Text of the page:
Gender bias in the workplace starts with communication during recruitment
Eighty percent of jobs are communicated to people informally and these communications are often riddled with gender bias, providing a female (versus male) candidate with a less positive description of a leadership position, especially when the decision maker is more conservative. These are the findings of a new study by Ekaterina Netchaeva, of Bocconi University's Department of Management and Technology, looking at the role gender bias may play in the leadership gap between men and women.
The persistence of a gender wage gap indicates that while discrimination is ending, bias lingers. The World Economic Forum's Global Gender Gap Report 2020 found "there is still a 31.4% average gender gap that remains to be closed globally." With this in mind, Prof. Netchaeva teamed up with two colleagues on a research project to look at the role gender bias may play in the leadership gap. In the private sector, women occupy only 29% of senior-level executive positions despite comprising 48% of the entire private sector workforce. "We wanted to understand if perhaps women were subtly discouraged from pursuing leadership positions," Netchaeva explains.
Netchaeva, Maryam Kouchaki (Kellogg School of Management) and Burak Oc (Melbourne Business School) carried out five experimental studies to detect possible gender bias in communication during the pre-recruitment phase. The group focused on political ideology as a predictor of bias, "because this individual characteristic predicts favoring of status quo," as they say in their paper, titled "It's a man's world! the role of political ideology in the early stages of leader recruitment," published in Organizational Behavior and Human Decision Processes.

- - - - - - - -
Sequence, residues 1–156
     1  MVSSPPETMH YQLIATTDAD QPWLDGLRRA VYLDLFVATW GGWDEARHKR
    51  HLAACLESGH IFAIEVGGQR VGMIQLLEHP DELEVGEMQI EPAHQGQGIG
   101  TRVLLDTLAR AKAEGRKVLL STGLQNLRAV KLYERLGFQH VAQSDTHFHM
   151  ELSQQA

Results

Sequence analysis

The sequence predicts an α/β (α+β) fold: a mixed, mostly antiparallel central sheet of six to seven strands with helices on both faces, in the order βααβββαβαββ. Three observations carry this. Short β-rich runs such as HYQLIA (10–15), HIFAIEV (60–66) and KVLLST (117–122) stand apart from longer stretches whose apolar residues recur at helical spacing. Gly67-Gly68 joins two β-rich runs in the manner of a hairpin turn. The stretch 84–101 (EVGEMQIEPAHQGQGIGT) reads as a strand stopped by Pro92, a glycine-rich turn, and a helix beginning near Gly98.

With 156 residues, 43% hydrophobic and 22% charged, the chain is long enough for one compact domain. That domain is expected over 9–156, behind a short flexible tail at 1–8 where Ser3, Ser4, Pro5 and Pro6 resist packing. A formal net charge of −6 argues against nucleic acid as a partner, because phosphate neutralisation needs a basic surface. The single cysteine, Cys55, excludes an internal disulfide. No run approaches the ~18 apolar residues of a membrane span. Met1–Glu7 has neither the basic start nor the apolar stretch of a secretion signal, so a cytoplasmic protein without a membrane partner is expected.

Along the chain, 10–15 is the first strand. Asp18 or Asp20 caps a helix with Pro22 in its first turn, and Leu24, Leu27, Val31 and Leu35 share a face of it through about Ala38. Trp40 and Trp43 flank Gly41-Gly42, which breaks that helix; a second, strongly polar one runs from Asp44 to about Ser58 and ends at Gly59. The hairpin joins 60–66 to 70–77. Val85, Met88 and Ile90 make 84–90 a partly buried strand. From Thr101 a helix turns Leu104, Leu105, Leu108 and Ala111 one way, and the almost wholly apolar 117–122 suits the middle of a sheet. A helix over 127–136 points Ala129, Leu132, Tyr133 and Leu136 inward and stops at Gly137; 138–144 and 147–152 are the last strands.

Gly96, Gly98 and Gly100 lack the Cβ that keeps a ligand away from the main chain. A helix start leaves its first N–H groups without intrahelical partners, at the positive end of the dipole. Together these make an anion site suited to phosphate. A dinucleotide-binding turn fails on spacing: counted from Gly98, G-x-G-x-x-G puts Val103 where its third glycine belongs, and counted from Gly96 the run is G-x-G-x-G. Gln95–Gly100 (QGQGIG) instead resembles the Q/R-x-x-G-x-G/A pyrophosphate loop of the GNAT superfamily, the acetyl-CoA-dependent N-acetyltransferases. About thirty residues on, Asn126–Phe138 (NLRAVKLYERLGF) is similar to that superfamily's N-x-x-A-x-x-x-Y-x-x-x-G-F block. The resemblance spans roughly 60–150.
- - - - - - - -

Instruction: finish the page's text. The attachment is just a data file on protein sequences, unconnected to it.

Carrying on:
Participants were told they had to recruit a male and female leader for an imaginary company, and were given eight pieces of information about the company. They were randomly split into two groups, and one had to communicate with the female candidate (Sarah) and the other with the male candidate (David). Conservative participants in the group that thought they were communicating with David picked more positive pieces of information about the position and the company, and those communicating with Sarah picked less positive information. The result was the same when recruiters were asked to write their own email describing the position.
Conservative participants were less positive in describing the position to the female candidate, and more positive when they thought they were talking with David—probably because conservatives tend to favor the status quo (male leadership, in this case). Liberals, instead, did not exhibit this trend.
"Given the statistics that 80% of jobs are communicated to people informally, and coupled with our finding that these communications may be riddled with gender bias, it is important for companies to rethink about how they communicate with candidates at that stage. One way to do that would be to make the process more formalized to allow for less gender bias and less human error," said Netchaeva.